Digital financial services (DFS) and digital ID systems are becoming ever more prevalent in low- and middle-income countries, and have become critical components of broader tax reform and domestic revenue mobilization (DRM) efforts. These technologies promise to reduce tax compliance costs for taxpayers and lessen the administrative burden on officials, improve access to third-party data, limit the scope for corruption and collusion, and improve both the usability of front-end taxpayer services and the efficiency of back-end data management systems and processes. However, very little is known about how well DFS and digital ID systems deliver on these promises.
In this report, our researchers Moyo Arewa and Laura Muñoz will present the state of existing evidence on the capacity of DFS and digital ID technologies to augment tax administration in low- and middle-income countries. In particular, this report will consider a) how these technologies actually work and how, in principle, they can improve tax administration outcomes; b) how tax administrations – particularly in low capacity contexts – have implemented or enabled DFS and digital ID systems, and; c) the institutional, administrative, regulatory, and political enablers (or barriers) underpinning tax administrations’ investments in these digital technologies.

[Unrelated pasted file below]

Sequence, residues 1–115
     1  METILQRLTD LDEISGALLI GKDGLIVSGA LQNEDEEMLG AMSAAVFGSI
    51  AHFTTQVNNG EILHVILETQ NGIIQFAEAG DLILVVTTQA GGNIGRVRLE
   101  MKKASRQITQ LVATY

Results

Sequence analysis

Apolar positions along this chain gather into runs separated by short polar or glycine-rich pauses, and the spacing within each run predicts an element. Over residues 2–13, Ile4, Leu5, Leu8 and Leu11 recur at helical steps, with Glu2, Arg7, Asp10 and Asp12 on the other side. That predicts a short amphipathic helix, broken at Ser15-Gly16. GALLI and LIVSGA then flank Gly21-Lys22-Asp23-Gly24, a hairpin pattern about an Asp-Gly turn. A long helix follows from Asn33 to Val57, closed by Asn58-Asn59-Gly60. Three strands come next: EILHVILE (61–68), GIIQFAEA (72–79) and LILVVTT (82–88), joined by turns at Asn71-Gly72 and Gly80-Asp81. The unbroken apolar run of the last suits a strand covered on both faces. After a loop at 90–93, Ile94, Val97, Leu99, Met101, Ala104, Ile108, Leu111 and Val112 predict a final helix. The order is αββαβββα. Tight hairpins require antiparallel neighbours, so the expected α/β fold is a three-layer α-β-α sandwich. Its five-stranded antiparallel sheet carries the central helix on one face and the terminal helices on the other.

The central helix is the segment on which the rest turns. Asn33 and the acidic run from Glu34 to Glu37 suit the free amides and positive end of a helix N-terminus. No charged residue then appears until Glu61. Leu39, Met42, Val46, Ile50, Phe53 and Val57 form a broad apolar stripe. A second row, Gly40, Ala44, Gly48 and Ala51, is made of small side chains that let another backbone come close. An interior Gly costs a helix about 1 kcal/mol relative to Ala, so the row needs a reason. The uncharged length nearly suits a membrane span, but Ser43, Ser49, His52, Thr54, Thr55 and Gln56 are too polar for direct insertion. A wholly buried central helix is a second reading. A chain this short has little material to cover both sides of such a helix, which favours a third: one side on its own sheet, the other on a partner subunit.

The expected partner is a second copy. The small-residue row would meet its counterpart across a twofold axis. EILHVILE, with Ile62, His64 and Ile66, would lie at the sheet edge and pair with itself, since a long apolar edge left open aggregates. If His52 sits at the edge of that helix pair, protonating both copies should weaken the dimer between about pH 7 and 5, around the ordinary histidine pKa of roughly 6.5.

Insights from this report will inform DIGITAX’s future research in this area, and guide practitioners and policy-makers looking to better understand how tax administrations can take better advantage of digital technologies.